The trial of Miss Madeleine Smith, of Glasgow, for the murder of Pierre Emile L’Angelier, commenced before the High Court of Justiciary at Edinburgh on Tuesday week.  Every day of the trial the court has been crowded, hundreds remaining outside unable to get admission.  The youth and sex of the accused–the nature of the charge against her, and of the motives which could alone have prompted her to the alleged murder–the extraordinary nerve with which she had borne up through the terrible ordeal,–all have roused to a high pitch the feelings not only theimmediate auditors of the trial, but of the vast audience which, through the press, has been from day to day present at the scene.

The indictment charged the administration of arsenic by the prisoner to L’Angelier on three separate occasions–namely on the 19th or 20th February last; on the 22nd or 23rd of the same month; and on teh 22nd or 23rd of March.  On the last-named date he died, having been ill soon after each supposed administration. … An account of the first three days of the trial appeared in this Journal last week–consisting of evidence of the violent illness and sudden death of L’Angelier; of the finding of arsenic in his body on a post-mortem examination, of the prisoner’s declaration in which she admitted having purchased arsenic but stated that she used it in washing, as a cosmetic; of the evidence of druggists to the fact of her having purchased arsenic for the alleged purpose of killing rats (which purchases however were made quite openly, the accused signing the register without hesitation); of the examination of Mr Minnoch–to the effect that he had made proposals of marriage to Miss Smith, which she accepted on the 12th if March; and that their marriage had been fixed for the 18th June last; and of other minor matters.

The remainder of this day [Saturday] was occupied in reading a number of letters, mostly from Miss Smith to L’Angelier–of the style and nature of which the brief epistle we gave last week is a fair specimen.  On March 13 she wrote to L’Angelier thus: “I am longing to see you, sweet love of my heart, my own sweet love–MINNIE.”  On the 16th of the same month she wrote to Mr Minnoch (to whom she was engaged to be married the following June) whom she addresses as “My dearest William,” says that his departure has made her dull and sad, and reminds him of the “sweet walk” they had had at Dunblane–“a walk that fixed the date of the day when we began our new and happy life.”  Four days later she wrote the over-fond note to L’Angelier which was found after his death in his vest pocket, and whch we gave last week.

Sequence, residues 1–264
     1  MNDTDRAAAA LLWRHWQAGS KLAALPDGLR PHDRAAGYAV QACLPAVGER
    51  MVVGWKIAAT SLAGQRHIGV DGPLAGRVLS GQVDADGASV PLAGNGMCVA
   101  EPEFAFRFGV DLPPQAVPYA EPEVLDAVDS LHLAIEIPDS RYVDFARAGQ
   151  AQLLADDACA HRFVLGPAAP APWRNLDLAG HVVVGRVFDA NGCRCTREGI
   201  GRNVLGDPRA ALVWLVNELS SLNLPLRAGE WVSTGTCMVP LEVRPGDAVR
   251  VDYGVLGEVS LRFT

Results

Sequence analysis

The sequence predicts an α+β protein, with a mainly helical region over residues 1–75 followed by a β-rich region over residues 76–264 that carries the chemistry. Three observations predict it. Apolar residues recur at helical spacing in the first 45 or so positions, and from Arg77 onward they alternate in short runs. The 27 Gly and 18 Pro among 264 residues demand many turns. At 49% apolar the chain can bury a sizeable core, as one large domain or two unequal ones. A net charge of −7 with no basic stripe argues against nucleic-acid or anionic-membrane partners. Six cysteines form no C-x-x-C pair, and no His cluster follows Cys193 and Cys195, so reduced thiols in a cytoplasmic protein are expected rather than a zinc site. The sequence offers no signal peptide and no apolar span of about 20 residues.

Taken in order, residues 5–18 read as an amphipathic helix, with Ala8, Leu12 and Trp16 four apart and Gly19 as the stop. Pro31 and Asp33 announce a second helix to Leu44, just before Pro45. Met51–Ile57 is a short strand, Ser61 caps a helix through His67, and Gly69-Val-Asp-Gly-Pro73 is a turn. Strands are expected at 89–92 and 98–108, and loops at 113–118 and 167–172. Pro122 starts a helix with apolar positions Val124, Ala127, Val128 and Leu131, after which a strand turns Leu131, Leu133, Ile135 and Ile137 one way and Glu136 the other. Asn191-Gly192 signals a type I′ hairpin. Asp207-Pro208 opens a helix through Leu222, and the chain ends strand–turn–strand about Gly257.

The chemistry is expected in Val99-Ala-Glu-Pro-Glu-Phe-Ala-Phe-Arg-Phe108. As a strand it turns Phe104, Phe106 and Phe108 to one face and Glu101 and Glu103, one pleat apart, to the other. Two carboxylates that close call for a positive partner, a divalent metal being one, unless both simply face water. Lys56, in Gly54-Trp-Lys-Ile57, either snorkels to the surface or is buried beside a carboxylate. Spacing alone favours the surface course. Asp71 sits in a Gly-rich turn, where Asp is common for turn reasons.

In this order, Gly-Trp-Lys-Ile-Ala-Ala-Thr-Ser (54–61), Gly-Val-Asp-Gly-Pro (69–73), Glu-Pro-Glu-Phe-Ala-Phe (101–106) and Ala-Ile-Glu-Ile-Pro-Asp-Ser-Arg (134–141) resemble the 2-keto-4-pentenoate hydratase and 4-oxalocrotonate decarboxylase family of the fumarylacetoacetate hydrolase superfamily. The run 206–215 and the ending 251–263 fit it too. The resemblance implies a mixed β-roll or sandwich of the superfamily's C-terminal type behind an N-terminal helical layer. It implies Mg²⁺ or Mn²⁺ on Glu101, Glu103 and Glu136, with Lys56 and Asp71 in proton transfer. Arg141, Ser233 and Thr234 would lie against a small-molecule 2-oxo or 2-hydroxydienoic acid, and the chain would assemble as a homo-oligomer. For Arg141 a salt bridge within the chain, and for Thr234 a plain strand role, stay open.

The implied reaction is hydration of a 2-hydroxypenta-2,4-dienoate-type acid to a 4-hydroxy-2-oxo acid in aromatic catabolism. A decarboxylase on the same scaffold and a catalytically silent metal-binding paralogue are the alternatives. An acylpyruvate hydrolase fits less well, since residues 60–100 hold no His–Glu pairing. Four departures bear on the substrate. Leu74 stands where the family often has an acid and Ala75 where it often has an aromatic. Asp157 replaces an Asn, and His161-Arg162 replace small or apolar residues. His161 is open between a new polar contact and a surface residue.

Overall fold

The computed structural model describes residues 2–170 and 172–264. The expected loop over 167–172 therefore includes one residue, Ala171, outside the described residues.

On Monday … thirty-one witnesses were examined for the defence.  Several of these deposed to fits of violence on the part of the deceased.  He was easily depressed and as easily uplifted.  On one occasion he threatened to throw himself out of a window, and at another he spoke of jumping off the pier.  On hearing of the marriage of a lady he had been in love with he took up a large knife and threatened to stab himself.  He several times spoke of self-destruction by several means.  He stated that whilst in France he had given arsenic to horses, to give them wind for their journey; and that he had taken it himself to relieve pain.

[The paper goes on to give a detailed account of the summings up by prosecution, defence and the Lord Justice.  And the verdict? ]

The jury then retired to their room, and in a short time afterwards reappeared in court, when the foreman said, “We find the prisoner NOT GUILTY on the first count, and NOT PROVEN on the second and third counts.”

[Each of the alleged incidents of poisoning was treated by the court as a separate count.  ‘Not proven‘ is a verdict unique to Scottish courts, and unavailable to jurors in England and Wales: it is a verdict of acquittal existing between guilty and not guilty, and not as emphatic as the latter.]

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Launch Event for the London C19th Studies Seminar

October 1, 2008 at 1:48 pm (General Victoriana) (, )

University of London Institute of English Studies



London Nineteenth Century Studies Seminar


Autumn Term 2008


The Nineteenth Century on the Move:

 Mobility, Migration, Networks, Exchanges



Launch Event Saturday 4th October 11am -1pm

Room NG15 Senate House



‘Thinking Through Mobility’: a Roundtable



Prof. Tim Cresswell

Dr David Lambert

Prof. Josephine McDonagh



Our first meeting of the year brings together three eminent scholars from the disciplines of cultural and historical geography, cultural history and literature to discuss how they have worked with and conceptualised different forms of mobility in the nineteenth century.


Check the IES website for further material preparatory to this event.


Our subsequent meetings will feature research papers from a range of scholars working with the subject from different angles and will take place on the 8th and 29th November 11am -1pm. Separate publicity will be circulated prior to each event.





Strand Organisers, Autumn Term 2008:


Dr Mark Turner (Kings)


Dr Ruth Livesey (Royal Holloway)